There was only a fractional increase in 3-Libor this morning, but there are indications that it will increase much more at tomorrow's setting, a reflection of renewed concerns about financial companies, falling asset prices, and the health of the global economy.
3-month LIBOR was set at 1.08563% this morning, up a smidge from yesterday's 1.0825%, its lowest level in 5-1/2 years. Near-month Eurodollar futures, which are highly correlated with Libor, indicate the possibility of an increase of at least 5 basis points at tomorrow's setting, and possibly 8 or 9 basis points. Moreover, Tullett Prebon's latest brokered quote on 3-month Libor also suggests an increase of about 5 or 6 basis points.
Swap rates are higher, yet another indication of an increase in fear with respect to credit spreads and variable rates such as Libor.
This concern was apparent in credit spreads yesterday, where Bloomberg data show investment-grade credit spreads having widened for the first time since December 5th. Bloomberg cites Merrill's U.S. Corporate Master Index, which widened 3 basis points yesterday to 560 basis points following a 99 basis point narrowing since December 5th.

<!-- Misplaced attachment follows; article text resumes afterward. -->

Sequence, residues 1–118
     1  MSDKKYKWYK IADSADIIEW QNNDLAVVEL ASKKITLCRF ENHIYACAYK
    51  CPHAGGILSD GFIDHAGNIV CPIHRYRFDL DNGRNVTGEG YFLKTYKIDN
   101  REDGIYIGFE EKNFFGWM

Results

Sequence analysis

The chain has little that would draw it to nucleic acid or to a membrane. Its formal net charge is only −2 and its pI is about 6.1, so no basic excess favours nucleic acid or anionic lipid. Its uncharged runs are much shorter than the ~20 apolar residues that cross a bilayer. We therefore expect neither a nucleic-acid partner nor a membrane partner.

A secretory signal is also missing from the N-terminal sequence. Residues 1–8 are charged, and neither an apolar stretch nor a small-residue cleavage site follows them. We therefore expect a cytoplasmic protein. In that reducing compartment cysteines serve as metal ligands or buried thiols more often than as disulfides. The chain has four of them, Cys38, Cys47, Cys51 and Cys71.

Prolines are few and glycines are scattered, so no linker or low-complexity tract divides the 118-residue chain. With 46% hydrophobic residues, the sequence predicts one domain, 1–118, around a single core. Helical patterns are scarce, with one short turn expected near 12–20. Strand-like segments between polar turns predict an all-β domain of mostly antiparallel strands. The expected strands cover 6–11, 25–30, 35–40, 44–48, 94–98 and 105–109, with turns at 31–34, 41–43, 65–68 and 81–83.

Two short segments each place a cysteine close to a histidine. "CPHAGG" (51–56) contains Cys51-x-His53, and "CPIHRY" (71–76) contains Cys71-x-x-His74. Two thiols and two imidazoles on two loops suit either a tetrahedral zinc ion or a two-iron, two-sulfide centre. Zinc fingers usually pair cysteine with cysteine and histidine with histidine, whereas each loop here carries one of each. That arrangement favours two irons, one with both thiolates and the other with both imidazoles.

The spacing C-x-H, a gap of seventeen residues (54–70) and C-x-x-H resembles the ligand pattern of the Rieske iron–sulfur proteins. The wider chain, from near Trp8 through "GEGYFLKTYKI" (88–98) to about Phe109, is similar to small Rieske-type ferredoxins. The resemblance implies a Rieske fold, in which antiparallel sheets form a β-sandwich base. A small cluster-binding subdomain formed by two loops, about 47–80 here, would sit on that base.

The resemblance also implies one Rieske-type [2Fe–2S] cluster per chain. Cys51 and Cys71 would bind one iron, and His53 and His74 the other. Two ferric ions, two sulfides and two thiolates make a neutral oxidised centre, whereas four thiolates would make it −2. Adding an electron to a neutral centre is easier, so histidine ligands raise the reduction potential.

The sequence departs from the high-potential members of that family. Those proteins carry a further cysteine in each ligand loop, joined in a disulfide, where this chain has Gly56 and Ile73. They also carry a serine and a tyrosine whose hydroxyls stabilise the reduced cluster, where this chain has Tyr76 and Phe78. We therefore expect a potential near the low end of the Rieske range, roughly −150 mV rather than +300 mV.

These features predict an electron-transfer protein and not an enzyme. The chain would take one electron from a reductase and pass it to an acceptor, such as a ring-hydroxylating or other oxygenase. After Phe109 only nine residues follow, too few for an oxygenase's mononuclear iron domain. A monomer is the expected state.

The likelihood of a sharp increase in Libor is lower now than in September and October when Libor peaked.
The world's central banks have cut interest rates and expanded their balance sheets aggressively (the Fed's Commercial Paper Funding Facility has been particularly important in reducing the private sector's reliance upon scarce bank credit), the Fed is providing unlimited supplies of dollars to 14 of the world's central banks, and excess reserves in the U.S. banking system has increased sharply of late, to about $800 billion from near zero.
Nevertheless, Libor could rise in the short-run in response to worries about financial companies and weakening asset prices. When these fears subside Libor will likely resume its convergence toward benchmark rates, pushing 3-month dollar-based Libor below 1%.
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